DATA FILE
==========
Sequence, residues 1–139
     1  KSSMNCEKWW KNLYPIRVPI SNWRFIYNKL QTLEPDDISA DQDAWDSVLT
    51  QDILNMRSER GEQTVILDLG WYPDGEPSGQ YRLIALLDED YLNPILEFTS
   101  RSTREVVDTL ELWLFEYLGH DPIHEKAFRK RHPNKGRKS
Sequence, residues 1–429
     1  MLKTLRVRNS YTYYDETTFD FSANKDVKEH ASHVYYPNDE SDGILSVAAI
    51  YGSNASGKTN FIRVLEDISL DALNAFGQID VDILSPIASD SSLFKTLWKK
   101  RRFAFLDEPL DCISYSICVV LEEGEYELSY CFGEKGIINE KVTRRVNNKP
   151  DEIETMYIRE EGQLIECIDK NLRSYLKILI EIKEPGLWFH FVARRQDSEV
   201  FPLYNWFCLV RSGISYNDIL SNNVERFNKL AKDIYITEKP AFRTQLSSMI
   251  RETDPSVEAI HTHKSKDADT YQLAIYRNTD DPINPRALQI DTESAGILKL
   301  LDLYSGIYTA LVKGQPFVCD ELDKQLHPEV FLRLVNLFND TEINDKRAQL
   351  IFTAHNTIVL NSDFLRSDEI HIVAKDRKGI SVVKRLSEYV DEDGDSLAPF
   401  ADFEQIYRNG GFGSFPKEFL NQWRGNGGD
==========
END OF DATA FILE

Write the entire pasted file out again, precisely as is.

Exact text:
Sequence, residues 1–139
     1  KSSMNCEKWW KNLYPIRVPI SNWRFIYNKL QTLEPDDISA DQDAWDSVLT
    51  QDILNMRSER GEQTVILDLG WYPDGEPSGQ YRLIALLDED YLNPILEFTS
   101  RSTREVVDTL ELWLFEYLGH DPIHEKAFRK RHPNKGRKS
Sequence, residues 1–429
     1  MLKTLRVRNS YTYYDETTFD FSANKDVKEH ASHVYYPNDE SDGILSVAAI
    51  YGSNASGKTN FIRVLEDISL DALNAFGQID VDILSPIASD SSLFKTLWKK
   101  RRFAFLDEPL DCISYSICVV LEEGEYELSY CFGEKGIINE KVTRRVNNKP
   151  DEIETMYIRE EGQLIECIDK NLRSYLKILI EIKEPGLWFH FVARRQDSEV
   201  FPLYNWFCLV RSGISYNDIL SNNVERFNKL AKDIYITEKP AFRTQLSSMI
   251  RETDPSVEAI HTHKSKDADT YQLAIYRNTD DPINPRALQI DTESAGILKL
   301  LDLYSGIYTA LVKGQPFVCD ELDKQLHPEV FLRLVNLFND TEINDKRAQL
   351  IFTAHNTIVL NSDFLRSDEI HIVAKDRKGI SVVKRLSEYV DEDGDSLAPF
   401  ADFEQIYRNG GFGSFPKEFL NQWRGNGGD